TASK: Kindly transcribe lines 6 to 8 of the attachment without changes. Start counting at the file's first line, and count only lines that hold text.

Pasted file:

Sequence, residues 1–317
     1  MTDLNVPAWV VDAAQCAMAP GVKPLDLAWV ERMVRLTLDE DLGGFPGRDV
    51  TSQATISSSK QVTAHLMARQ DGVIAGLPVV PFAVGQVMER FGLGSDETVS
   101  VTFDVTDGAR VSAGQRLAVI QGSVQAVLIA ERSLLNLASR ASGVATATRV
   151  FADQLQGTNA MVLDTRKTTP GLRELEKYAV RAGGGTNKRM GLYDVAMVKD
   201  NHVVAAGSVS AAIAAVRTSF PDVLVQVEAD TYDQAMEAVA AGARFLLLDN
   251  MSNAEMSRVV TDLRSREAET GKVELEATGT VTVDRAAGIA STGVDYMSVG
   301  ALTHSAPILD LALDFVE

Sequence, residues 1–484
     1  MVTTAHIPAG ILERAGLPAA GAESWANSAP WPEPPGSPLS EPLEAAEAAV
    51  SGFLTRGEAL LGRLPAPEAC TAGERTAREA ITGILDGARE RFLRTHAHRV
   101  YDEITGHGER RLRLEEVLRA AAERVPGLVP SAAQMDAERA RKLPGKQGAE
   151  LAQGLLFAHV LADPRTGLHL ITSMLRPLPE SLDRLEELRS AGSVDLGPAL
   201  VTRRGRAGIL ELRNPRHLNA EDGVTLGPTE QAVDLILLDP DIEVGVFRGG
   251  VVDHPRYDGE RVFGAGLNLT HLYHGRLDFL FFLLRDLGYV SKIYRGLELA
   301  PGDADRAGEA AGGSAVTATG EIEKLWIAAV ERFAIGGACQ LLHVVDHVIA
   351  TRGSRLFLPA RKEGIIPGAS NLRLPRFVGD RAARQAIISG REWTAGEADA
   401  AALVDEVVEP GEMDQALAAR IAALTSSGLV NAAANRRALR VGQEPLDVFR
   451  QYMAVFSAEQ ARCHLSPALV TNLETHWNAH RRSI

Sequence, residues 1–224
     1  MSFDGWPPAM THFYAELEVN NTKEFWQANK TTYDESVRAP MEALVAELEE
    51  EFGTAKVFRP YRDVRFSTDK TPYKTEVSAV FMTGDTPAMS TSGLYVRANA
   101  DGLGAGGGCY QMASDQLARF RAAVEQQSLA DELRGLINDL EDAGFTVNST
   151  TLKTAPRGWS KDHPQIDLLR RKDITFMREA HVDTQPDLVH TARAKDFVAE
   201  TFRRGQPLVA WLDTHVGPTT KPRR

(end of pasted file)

   201  NHVVAAGSVS AAIAAVRTSF PDVLVQVEAD TYDQAMEAVA AGARFLLLDN
   251  MSNAEMSRVV TDLRSREAET GKVELEATGT VTVDRAAGIA STGVDYMSVG
   301  ALTHSAPILD LALDFVE